Pw C Value Driver Modelling Feb 2009 Email Final
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Pw C Value Driver Modelling Feb 2009 Email Final

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Understanding the complex linkages between operational variables at a mine site and financial performance of that mine is now more critical than ever as operators deal with the slump in commodity......

Understanding the complex linkages between operational variables at a mine site and financial performance of that mine is now more critical than ever as operators deal with the slump in commodity prices.

Even before the downturn, many of Australia’s leading mining companies had started to implement a more structured approach to cost effective decision making across all areas of mine production.

This paper highlights Australian coal mining best practice in both operations cost management and production value maximisation through robust modelling of operational value drivers.

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  • 1. Finding cost efficiencies in mining operations through effective value driver modelling Aaron Carter, Brian Gillespie and Chris Gilbert Performance Improvement Group, Brisbane February 2009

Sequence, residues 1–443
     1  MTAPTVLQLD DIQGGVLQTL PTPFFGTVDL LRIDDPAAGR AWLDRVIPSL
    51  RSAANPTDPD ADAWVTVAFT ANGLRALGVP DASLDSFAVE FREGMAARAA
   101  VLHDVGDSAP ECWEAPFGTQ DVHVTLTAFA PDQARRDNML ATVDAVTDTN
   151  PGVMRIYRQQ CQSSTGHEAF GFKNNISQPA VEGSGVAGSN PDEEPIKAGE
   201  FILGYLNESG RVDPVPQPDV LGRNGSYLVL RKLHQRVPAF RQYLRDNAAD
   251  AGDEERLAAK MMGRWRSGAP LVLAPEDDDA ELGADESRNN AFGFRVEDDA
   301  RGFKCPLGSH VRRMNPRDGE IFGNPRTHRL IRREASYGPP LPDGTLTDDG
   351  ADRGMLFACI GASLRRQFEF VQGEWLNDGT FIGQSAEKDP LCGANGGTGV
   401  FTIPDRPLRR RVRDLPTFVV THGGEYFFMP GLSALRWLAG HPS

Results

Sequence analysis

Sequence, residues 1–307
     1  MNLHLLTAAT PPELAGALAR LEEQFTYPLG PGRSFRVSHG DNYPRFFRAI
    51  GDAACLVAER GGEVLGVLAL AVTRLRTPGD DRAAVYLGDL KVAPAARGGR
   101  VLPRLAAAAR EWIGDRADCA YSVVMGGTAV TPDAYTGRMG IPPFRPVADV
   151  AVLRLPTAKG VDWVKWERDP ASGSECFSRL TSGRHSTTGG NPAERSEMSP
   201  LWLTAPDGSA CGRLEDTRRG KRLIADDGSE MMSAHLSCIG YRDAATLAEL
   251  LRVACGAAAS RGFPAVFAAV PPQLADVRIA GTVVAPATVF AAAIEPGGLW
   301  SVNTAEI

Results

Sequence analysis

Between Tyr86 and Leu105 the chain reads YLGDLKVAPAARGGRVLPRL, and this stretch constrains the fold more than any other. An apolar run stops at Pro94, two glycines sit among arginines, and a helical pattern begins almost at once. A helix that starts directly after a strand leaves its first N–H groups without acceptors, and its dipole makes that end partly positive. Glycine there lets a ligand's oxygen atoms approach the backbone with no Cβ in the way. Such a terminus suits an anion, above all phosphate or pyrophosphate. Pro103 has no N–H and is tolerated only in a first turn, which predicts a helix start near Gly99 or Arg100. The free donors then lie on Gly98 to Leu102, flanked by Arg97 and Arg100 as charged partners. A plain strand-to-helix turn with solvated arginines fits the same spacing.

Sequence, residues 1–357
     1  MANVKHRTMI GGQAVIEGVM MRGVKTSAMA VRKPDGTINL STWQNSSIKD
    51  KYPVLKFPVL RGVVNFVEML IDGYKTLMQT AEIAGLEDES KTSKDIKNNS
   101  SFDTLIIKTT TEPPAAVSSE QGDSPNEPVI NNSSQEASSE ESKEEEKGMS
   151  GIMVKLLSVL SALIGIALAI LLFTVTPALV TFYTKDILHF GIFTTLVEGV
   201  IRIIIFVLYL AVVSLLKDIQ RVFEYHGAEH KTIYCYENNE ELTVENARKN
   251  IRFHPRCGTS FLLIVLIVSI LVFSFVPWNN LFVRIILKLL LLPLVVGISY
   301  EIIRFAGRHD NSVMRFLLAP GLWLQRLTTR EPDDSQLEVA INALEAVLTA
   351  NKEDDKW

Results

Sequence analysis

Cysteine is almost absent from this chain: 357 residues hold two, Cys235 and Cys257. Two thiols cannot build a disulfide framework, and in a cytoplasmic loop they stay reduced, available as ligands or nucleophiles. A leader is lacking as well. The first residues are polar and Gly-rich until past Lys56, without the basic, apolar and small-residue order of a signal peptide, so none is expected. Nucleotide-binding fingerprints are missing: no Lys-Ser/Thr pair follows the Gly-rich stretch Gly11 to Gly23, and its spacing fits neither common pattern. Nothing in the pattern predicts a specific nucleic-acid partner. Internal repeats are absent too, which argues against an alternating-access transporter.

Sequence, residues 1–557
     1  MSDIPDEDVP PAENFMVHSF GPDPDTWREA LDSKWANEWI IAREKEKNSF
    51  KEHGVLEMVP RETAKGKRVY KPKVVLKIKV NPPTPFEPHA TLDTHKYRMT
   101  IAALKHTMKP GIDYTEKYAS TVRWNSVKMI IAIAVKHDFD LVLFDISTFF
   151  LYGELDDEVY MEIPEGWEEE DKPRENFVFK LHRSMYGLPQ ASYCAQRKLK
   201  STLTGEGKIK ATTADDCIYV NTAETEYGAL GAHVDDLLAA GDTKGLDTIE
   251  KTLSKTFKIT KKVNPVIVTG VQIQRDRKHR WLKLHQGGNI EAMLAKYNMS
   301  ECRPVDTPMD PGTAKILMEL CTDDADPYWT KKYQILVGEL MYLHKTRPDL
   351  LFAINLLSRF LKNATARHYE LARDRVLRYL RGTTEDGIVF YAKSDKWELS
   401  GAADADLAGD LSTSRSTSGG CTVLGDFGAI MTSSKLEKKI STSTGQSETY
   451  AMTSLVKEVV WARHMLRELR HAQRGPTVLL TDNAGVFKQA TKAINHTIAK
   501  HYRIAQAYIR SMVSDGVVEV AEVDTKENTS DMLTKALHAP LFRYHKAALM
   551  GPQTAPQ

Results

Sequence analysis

• 2. © 2009 PricewaterhouseCoopers. All rights reserved. “PricewaterhouseCoopers” refers to PricewaterhouseCoopers, a partnership formed in Australia or, as the context requires, the PricewaterhouseCoopers global network or other member firms of the network, each of which is a separate and independent legal entity.
  • 3. Introduction Understanding the complex linkages between operational variables at a mine site and the financial performance of that mine is now more critical than ever as operators deal with the slump in commodity prices. Even before the downturn, many of Australia’s leading mining companies had started to implement a more structured approach to cost effective decision making across all areas of mine production. This paper highlights Australian mining best practice in both operations cost management and production value maximisation through robust modelling of operational value drivers.